The Soviet Woman Who Got Her Own Tank to Fight Nazis

The Soviet Woman Who Got Her Own Tank to Fight Nazis
Mariya in her Boyevaya Podruga (Fighting Girlfriend). photo from warhistoryonline.comweb photo

When Nazis kill your husband, you just have to commission a tank and go fascist hunting.

At least that's what Mariya Vasilyevna decided to do when her husband, Ilya, was killed outside of Kiev in August of 1941 when German soldiers invaded the Soviet Union, according to this post from warhistoryonline.com.

The post says Vasilyevna went berserk, then sold everything she had and wrote a letter to Joseph Stalin stating: "My husband was killed in action defending the motherland. I want revenge on the fascist dogs for his death and for the death of Soviet people tortured by the fascist dogs tortured by the fascist barbarians. For this purpose, I've deposited all my personal savings—50,000 rubles—to the National Bank in order to build a tank. I kindly ask to name the tank 'Fighting Girlfriend' and to send me to the frontline as a driver of said tank."

When Vasilyevna married Ilya, he was a Soviet army officer, and she joined the "Military Wives Council," trained as an army nurse, and learned how to drive cars (which was unusual for a Russian woman at the time) and use different weapons, the story says.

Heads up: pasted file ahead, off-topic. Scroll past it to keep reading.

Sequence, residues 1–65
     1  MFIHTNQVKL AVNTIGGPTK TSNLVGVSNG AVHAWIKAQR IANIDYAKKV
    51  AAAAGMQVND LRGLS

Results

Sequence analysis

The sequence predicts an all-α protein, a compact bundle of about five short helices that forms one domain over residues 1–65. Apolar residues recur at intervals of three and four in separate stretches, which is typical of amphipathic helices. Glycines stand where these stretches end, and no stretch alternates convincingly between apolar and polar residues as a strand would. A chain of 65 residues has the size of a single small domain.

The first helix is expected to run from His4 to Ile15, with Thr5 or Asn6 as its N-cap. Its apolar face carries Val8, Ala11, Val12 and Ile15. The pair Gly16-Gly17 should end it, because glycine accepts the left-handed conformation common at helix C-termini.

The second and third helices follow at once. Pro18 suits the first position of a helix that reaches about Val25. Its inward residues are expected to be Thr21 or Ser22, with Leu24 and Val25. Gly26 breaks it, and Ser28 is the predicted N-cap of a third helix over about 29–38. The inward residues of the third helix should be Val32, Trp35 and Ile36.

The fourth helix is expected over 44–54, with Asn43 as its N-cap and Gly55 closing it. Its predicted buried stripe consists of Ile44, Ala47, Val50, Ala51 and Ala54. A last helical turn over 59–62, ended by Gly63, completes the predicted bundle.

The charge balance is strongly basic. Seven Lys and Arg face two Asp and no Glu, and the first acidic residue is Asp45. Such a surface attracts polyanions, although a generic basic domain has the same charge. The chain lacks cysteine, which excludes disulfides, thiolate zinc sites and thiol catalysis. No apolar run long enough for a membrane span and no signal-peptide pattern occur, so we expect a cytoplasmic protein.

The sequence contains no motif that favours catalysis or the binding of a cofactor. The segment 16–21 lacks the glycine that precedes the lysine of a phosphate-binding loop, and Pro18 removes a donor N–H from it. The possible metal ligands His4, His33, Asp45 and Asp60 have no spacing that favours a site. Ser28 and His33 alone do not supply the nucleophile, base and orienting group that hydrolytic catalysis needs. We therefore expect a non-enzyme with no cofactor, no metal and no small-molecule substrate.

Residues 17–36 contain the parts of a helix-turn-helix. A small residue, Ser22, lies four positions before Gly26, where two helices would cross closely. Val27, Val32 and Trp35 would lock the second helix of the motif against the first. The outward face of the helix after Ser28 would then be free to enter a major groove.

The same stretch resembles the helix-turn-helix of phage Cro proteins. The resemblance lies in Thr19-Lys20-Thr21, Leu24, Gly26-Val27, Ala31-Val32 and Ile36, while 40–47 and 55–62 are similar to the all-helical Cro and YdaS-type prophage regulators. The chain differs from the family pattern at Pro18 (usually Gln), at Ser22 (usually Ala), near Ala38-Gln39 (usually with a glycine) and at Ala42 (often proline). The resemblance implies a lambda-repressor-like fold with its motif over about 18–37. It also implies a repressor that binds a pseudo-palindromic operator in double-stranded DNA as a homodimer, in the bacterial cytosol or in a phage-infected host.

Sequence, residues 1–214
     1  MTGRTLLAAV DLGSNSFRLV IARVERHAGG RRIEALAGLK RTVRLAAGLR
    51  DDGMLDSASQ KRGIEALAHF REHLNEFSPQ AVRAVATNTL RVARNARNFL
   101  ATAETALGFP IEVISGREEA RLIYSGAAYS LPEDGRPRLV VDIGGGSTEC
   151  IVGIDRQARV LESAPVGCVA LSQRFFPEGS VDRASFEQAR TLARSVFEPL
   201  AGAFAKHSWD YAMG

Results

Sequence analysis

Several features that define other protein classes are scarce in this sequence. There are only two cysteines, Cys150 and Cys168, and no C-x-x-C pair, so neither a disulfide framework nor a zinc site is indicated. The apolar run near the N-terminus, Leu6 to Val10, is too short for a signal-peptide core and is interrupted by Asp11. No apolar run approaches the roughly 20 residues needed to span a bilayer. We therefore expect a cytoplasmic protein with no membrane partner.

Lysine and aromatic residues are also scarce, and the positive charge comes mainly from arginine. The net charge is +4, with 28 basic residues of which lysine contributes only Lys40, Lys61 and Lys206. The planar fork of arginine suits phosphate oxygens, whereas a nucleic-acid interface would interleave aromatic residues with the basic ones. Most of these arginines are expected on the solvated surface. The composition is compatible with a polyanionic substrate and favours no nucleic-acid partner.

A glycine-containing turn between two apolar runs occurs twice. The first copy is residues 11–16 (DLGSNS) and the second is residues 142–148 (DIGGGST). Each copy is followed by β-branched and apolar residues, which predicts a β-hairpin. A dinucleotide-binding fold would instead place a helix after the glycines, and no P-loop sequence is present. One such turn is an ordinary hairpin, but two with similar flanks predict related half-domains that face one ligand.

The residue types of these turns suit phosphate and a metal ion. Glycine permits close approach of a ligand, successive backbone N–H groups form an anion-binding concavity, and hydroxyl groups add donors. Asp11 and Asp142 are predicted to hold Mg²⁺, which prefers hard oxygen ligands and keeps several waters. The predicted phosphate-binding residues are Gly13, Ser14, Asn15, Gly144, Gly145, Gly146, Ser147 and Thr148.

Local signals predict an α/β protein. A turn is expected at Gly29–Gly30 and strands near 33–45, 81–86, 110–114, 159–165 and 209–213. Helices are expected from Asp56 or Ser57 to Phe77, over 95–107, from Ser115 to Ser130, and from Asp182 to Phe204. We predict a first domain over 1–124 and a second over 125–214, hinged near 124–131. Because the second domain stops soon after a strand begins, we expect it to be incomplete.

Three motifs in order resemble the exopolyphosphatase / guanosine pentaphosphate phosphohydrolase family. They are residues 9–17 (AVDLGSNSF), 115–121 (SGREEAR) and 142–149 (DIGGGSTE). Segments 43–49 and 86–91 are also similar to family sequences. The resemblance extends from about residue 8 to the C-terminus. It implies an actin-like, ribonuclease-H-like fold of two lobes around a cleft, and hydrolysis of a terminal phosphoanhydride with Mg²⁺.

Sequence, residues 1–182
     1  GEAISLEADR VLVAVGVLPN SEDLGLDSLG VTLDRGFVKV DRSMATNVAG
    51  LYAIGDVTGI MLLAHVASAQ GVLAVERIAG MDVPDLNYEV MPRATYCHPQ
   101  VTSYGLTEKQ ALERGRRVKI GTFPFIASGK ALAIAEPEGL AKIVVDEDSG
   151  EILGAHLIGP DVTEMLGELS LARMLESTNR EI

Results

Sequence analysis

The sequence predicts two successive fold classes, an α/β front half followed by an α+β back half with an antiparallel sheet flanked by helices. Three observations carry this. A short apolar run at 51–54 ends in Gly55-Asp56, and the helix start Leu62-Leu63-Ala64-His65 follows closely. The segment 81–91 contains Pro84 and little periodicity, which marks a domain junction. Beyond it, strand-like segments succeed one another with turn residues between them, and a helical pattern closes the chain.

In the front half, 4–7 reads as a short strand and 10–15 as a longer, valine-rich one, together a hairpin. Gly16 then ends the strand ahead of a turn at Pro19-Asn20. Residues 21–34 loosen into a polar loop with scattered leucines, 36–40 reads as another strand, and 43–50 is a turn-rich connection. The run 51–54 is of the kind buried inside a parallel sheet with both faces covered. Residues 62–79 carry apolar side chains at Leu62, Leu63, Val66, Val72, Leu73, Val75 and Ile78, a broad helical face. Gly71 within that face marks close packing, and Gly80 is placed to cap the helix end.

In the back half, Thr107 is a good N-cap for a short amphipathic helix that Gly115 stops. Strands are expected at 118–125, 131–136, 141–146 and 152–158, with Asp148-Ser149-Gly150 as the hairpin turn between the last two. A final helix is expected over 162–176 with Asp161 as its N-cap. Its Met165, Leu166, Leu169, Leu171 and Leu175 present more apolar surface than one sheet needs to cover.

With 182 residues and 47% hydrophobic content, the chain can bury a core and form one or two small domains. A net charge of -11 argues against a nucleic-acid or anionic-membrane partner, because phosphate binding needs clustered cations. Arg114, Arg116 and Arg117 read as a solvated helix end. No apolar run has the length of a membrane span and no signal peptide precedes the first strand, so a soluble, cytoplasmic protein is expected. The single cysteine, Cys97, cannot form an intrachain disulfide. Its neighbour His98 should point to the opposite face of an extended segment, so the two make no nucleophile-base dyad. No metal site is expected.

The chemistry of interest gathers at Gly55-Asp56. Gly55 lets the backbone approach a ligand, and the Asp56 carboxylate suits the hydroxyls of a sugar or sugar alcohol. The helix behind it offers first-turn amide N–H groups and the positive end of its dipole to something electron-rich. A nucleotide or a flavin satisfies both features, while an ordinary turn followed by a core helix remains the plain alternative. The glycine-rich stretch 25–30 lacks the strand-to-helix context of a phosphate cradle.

The post says Vasilyevna's request was granted, and she was supplied with a T-34 medium tank and put through a five-month tank training program. This hints that the whole thing may have been a publicity stunt on part of the army at the time, as male recruits were given far less training and preparation before being sent to the front lines.

The Soviet Woman Who Got Her Own Tank to Fight Nazis
A surviving Soviet T-34-85 tank at Musée des Blindés in the French town of Saumur. photo from warhistoryonline.comweb photo

She was assigned to the 26th Guards Tank Brigade as a driver and mechanic in September 1943, to unfavorable reception from her comrades, who saw her presence as a joke.

On October 21, 1943, in Smolensk 220 miles west-southwest of Moscow, the Germans had been mostly beaten back, with pockets of resistance remaining, the story says.

Vasilyevna charged her tank, taking out several anti-tank guns and machine gun nests before "Fighting Girlfriend" was hit. Under enemy fire, she jumped out, repaired the tank, and got back in to rejoin the fight. After the battle, she was promoted to the rank of Sergeant and garnered the nickname "mother," the post says.

She performed a similar feat in November when she attacked German defensive positions in the town of Novoye until an artillery shell blew out her tank’s tracks. Again, under fire, she jumped out to fix her tank before rejoining her unit.

On January 17, 1944 Vasilyevna’s luck finally ran out. After attacking several German trenches, machine gun nests, and artillery positions, her tank was hit by a German shell. When she again exited the tank to make repairs, another shell exploded a few meters away, showering her with shrapnel.

She was taken to a hospital near Kiev and was in a coma for two months before dying. She never regained consciousness. After her death, she was made a hero of the Soviet Union.